My general advice is to stay away from something with too many proteins and eat food high in carbs. Eat enough but not so much that you feel uncomfortable when running. Try to eat one or two hours before a race otherwise you may have an upset stomach if you eat too soon before the race.

Closer to the race, you can stimulate race conditions and try different types of foods to see what would suit you the most during race day, so it is all about trial and error as well.

What sort of stretches do you do before a run to stop cramps?

Lim-Prasad: It would be good to start with a short jog and then go to muscle stretches. Also, it may not be the muscles itself but you may be dehydrated. It will make you more prone to cramps so be sure to hydrate properly before a race.

Mok: Cramps have many causes and can be a result of many different reasons. If you are not conditioned to run that distance, you may also get cramps during the race because your muscles cannot cope with the rigours of the race.

Liv Lo demonstrates some stretches.

Liv Lo demonstrates some stretches.

Recent studies have shown that if you are not doing a lot of intensive and fast runs, it is more beneficial to not stretch before the run as it affects the muscles when you are running. The stretching you do after the workout is more important.

Jedrek: It is important to learn about your body and know what is good for you. Use trial and error experiments. Apart from stretching, our gear is important too. Do not wear new shoes when you are running. I once changed my shoes on the day of the race and I had all sorts of problems. Try and keep your habits normal and don’t change it on the day of the race. I think that is really important.

Chen: You may be dehydrated and not have enough salt. As well, the heat can also give you cramps. So during training runs, go at a pace you can sustain. Sometimes if you run too fast, at the end you may get cramps. So that is why we believe in even pace running.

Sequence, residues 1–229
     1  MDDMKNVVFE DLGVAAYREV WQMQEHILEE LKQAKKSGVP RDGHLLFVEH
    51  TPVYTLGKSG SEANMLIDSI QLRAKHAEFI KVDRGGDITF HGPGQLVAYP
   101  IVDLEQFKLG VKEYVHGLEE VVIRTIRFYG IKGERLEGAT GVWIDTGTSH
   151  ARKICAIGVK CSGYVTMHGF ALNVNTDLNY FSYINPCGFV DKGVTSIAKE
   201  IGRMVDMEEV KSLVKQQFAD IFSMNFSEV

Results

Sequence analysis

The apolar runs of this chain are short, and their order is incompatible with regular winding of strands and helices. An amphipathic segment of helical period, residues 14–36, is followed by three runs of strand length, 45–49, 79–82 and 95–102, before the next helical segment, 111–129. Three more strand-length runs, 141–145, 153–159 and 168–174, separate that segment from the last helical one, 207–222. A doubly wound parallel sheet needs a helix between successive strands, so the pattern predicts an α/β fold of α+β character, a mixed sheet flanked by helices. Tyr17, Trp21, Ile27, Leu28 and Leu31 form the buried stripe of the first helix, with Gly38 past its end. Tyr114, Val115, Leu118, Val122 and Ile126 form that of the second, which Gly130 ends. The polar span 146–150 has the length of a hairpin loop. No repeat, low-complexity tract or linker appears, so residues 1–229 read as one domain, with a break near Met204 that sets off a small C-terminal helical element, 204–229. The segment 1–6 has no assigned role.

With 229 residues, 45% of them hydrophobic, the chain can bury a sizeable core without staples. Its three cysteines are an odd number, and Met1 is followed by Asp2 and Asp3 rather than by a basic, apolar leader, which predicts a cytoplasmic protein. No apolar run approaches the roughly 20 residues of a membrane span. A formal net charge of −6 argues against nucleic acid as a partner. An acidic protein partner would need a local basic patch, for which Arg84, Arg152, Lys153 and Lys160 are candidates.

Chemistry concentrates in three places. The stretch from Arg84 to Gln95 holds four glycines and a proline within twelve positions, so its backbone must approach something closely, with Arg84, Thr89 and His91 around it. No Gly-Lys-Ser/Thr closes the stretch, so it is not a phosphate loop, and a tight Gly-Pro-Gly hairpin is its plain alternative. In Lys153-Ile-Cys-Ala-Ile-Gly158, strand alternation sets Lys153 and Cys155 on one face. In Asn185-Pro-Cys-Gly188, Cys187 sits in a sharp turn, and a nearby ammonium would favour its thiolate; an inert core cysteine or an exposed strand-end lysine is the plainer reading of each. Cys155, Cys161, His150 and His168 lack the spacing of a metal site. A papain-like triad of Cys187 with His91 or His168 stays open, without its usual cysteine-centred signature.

Lo: For running, you want to stretch your legs and warm up your spine. It is important you move your spine in all directions. If you do forward stretch, do a backstretch as well. Also do forward bends and do some squats and stretch out your calves, twist and move your ankles and get blood flowing. Get your arms over your head too. I like to run on the spot and warm up before the race.

Dr Lim: As a doctor, stretching is not necessary. I usually do not stretch before a run but I’ll warm up a little and definitely after a run, you’ll want to stretch because there is a lot of lactic acid in the muscles so make sure you stretch afterwards so that it does not give you too much muscle soreness afterwards.

We encounter traffic lights when we run outside. Should you stop to wait or jog on the spot?

The audience is listening intently.

The audience is listening intently.

Jedrek: I think it is definitely personal. I don’t think the traffic light is that long but I think you should keep moving to keep yourself going. You are in the zone so I think you shouldn’t stop.

Dr. Lim: I would choose a route without many traffic lights but if you meet one, then I would take the chance to stretch out any areas with tensions.

Mok: It also depends on how fast you are running when you reach the traffic light. If I’m doing a hard run, I would continue to jog a while. At a fast pace, your legs are tired and if you stop, and continue to run after the light turns green, your legs are heavier, because the blood is suddenly rushing to your legs.

I would continue running and try to find an overhead bridge. Actually in Singapore, if there is a traffic light, I have come to realize that there is an overhead bridge as well, so I keep running till I see the bridge.

Chen Ming Ming rounds off the discussion.

Chen Ming Ming rounds off the discussion.

Lim-Prasad: Generally we try to mimic race day conditions during training sessions. So if you prefer to do a continuous run on race day, do not stop at traffic lights. Go to somewhere like MacRitchie and do a full run. If you are used to stopping at traffic lights, you will feel the need to stop as well on race day.

What last words do you have to share with runners?

Chen: We have 12 weeks to go before the Great Eastern Women’s Run so there is still a lot of time to test what you want to do on race day. Basically take this time to see what works for you nutrition-wise and pace-wise.

Do not increase your mileage by more than 10 per cent a week when you are running by yourself. Hydrate and eat well and most importantly, rest well. Last but not least, enjoy yourself on race day. You are not running the race for anyone else but for yourself, after all.

Read all about the Run To Live Great Welcome Ceremony here.